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10 stories of migrants on the caravan: engineers, disabled people, gang victims (in photos)

Their lives coincided in the journey north to Tijuana, and some have stories that stand out from the majority of migrants. Univision Noticias spoke to some of the more unusual cases.
4 Dic 2018 – 12:11 PM EST
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An engineering couple: Melany Murillo is 30 years old and an agricultural engineer. Her husband Yonari Perdomo, 25, studied the same degree at the National University of Agriculture in Honduras. They joined the migrant caravan because of the lack of job opportunities in their country. "I was looking for a job for two years and I never found one," said Melany, who is now five months pregnant. "Maybe some country values how much I've tried studying and takes me in," she says. Crédito: Isaias Alvarado
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The migrant in a wheelchair. On October 15 he left his native Honduras on a pair of crutches, but in Mexico City he could no longer manage. Since then, Rafael Peralta, 33, uses a wheelchair. He says he was born with deformed feet and worked as a peasant farmer. Now his goal is to work in a restaurant in the United States. "I would tell President Trump not to judge us, he says we are gangsters, murderers ... How am I going to be that, in my state," he says. Crédito: Isaias Alvarado
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The father and his 4 year-old daughter. Before joining the exodus of Central American migrants, Marvella, 4, cried for her father, Carlos Vázquez, to take her. The two Hondurans began a journey of more than a month and are now stranded in the border city of Tijuana. "I would like to find a job and leave her in a nursery," says Vázquez, 34. "She wanted to come with me, I felt sorry to leave her. I don't regret it. She's my daughter and I have to take care of her," he explains. Crédito: Isaias Alvarado
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Family in extreme poverty. On a tiny salary from washing clothes and cleaning houses, Rosa Dubón looked after her six children in Honduras. She reached the US border the two youngest; Walter, aged two, and Jose, aged four. "My dream is that they can get a good education and make more of themselves, what I never had," says Rosa, 34 years, between sobs. "We are here because of violence, poverty and crime," added her husband, Walter, 28. Crédito: Isaias Alvarado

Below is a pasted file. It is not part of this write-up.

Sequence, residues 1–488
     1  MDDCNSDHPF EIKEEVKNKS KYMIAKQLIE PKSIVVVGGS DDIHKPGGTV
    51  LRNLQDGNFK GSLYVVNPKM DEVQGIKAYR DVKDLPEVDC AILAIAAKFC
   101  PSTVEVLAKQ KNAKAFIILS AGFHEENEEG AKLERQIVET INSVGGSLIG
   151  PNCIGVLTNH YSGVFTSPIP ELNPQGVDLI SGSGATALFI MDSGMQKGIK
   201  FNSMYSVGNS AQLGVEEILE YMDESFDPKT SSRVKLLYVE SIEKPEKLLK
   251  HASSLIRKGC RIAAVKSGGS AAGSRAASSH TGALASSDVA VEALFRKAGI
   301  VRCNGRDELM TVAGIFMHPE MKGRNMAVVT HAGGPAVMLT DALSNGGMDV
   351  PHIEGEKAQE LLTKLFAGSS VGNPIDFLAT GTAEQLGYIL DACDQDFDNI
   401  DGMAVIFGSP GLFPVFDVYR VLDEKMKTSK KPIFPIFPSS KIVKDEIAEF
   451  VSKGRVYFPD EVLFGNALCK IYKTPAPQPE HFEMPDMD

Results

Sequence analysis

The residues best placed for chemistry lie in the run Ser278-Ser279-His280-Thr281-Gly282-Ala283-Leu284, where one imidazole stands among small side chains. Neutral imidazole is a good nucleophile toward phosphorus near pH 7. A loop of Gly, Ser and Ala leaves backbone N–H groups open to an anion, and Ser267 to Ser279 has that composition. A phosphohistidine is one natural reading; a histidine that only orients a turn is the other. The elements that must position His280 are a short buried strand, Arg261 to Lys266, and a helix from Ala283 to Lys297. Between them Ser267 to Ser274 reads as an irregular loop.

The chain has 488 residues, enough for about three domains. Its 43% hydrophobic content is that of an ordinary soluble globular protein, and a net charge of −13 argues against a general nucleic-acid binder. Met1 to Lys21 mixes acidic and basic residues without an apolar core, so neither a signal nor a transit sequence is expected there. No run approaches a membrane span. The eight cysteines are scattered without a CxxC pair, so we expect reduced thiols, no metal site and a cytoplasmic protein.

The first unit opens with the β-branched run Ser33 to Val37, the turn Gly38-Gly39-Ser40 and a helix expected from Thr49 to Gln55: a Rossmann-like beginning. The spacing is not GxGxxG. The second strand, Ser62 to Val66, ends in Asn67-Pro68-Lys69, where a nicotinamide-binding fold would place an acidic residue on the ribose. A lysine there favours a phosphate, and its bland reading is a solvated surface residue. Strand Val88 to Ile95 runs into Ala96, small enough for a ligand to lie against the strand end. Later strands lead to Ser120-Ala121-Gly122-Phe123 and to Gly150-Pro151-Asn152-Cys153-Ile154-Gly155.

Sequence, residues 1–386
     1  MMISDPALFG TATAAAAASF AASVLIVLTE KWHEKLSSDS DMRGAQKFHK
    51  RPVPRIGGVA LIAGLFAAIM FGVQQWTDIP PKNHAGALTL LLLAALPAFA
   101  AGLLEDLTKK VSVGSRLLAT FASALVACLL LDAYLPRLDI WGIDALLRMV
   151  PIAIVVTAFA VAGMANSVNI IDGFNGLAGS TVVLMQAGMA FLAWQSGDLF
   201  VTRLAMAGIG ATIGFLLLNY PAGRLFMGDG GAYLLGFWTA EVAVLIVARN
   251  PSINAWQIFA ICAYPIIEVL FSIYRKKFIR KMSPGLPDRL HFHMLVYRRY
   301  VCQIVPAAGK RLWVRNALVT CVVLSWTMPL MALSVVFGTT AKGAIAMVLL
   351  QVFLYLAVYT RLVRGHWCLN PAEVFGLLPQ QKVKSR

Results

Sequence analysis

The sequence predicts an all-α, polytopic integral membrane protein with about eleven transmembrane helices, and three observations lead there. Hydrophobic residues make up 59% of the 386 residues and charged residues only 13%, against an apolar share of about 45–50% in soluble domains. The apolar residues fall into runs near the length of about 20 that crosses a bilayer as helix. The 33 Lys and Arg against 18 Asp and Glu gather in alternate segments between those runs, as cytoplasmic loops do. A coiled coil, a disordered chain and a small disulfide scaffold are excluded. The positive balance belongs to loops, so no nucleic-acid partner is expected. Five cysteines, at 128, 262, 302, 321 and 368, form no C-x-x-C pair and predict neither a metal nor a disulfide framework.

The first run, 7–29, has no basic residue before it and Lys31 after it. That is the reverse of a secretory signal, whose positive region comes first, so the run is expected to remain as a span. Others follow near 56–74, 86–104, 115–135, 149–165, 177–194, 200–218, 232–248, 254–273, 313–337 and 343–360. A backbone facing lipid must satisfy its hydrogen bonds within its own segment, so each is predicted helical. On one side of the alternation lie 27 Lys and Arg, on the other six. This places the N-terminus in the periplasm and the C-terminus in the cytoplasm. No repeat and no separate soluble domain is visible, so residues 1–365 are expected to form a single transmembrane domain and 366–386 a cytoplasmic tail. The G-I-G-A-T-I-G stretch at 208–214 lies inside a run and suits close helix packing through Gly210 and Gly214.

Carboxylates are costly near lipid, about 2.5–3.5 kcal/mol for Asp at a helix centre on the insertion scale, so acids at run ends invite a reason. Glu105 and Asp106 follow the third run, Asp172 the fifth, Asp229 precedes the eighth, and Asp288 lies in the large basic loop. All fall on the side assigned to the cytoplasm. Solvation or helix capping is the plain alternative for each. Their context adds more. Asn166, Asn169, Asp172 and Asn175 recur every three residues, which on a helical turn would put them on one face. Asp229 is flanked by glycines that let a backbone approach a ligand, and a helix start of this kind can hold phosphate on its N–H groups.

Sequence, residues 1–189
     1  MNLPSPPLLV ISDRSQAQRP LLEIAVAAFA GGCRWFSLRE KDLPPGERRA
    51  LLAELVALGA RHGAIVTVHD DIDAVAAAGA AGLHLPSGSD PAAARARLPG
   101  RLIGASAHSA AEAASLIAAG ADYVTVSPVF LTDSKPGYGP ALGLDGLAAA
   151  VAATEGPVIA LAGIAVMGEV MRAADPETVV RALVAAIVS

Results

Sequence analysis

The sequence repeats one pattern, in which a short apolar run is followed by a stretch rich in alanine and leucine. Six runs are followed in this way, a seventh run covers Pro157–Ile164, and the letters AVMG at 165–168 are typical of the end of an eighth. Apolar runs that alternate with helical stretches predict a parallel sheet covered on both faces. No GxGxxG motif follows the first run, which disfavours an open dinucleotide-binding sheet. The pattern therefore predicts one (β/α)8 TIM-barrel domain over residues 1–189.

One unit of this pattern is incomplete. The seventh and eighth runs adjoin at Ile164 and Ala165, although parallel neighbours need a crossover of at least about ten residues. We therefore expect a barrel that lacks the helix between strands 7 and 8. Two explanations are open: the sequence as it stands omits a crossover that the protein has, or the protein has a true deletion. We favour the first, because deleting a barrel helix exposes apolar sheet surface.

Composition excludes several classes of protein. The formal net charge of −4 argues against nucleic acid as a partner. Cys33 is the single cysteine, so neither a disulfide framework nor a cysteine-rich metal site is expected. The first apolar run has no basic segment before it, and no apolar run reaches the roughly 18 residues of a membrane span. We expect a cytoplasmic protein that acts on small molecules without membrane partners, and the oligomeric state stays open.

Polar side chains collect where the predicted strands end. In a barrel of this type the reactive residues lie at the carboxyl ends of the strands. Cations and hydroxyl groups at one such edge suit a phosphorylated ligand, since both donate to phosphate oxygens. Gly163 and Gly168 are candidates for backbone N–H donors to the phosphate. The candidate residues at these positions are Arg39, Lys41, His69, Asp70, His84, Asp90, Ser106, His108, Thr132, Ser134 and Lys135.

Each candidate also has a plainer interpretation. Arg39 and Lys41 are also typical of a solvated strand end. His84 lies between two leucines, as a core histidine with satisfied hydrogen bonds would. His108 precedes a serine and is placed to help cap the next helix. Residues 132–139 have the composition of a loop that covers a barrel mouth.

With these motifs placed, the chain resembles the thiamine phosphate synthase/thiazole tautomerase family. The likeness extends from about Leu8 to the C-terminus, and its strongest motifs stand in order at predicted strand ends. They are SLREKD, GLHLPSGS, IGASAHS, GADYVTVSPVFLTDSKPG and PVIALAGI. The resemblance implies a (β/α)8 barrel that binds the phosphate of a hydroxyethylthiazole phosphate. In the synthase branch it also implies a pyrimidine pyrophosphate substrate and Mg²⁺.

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A victim of the Maras. Two years ago, Carlos Flores says four gang members cut off part of his thumb. "I had a business and I almost got stabbed to death because I did not give them money," says the 25-year-old Honduran who has several scars from cuts he received on his left forearm and right shoulder. He managed to flee and relatives found him bleeding. "I was dying," he recalls. He arrived in Tijuana with his two children, aged one and five. Crédito: Isaias Alvarado
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One woman, two caravans: In one year, 44-year-old Honduran, Sandra Pérez, has crossed Mexico twice by train, bus, hitching rides and by foot. On the first occasion she joined the caravan in March and reached Tijuana. She decided not to try and cross the border when she learned that asylum seekers were spending long periods in immigration detention centers. Two months ago she returned to Chiapas to accompany the second exodus to accompany Genesis, the five year-old daughter of a cousin. "I hope they grant asylum to everyone, because most of us don't want to stay in Mexico," she says. Crédito: Isaias Alvarado
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He fled with his son after a death threat. Jesús Chávez fled Honduras after receiving a death threat from a neighbor who murdered one of his relatives, he says. "He drove slowly by the house in his car carrying a gun and said he was going to kill us too, because he thought we were going to take revenge." He carries evidence of his case, including a copy of the relative's death certificate and another copy of the Honduran prosecutors' investigation, which he hopes he will be able to present in an asylum application. Crédito: Isaias Alvarado
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The young man who emigrated because of hunger. He is 22 years old, but his anecdotes sounds like those of someone older. Cristopher Zepeda wore out his shoes walking a large part of the journey from his native Honduras to the border city of Tijuana. "In my country there is suffering, a lot of hunger, there is no work," he says. His plan is to work, either in Mexico or the United States. "Whatever it takes to not go hungry," he insists. Crédito: Isaias Alvarado
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The bricklayer lookign for job. "My salary didn't go far," says José Enrique Solís Morales, a 21-year-old Guatemalan who earned his living as a bricklayer and washing cars. He says he earned 350 quetzales a week, or about $45 dollars. He joined the caravan on October 17 when it went through his community. He left promising to help his family. "I do not regret having come," he said at a migrant camp in Tijuana. Crédito: Isaias Alvarado
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The boy who is returning defeated. Junior Amaya joined the caravan on October 17, and dreamed of working in the US. He endured rain, cold, hunger, abuse ... but finally last week he thought about Christmas and his family back home, and realized that he had little chance of achieving his goal. So he decided there was no point keeping going. "I'm defeated, but here it's like being imprisoned, I'd better go home," he said outside a migrant shelter in the city of Tijuana. Crédito: Isaias Alvarado
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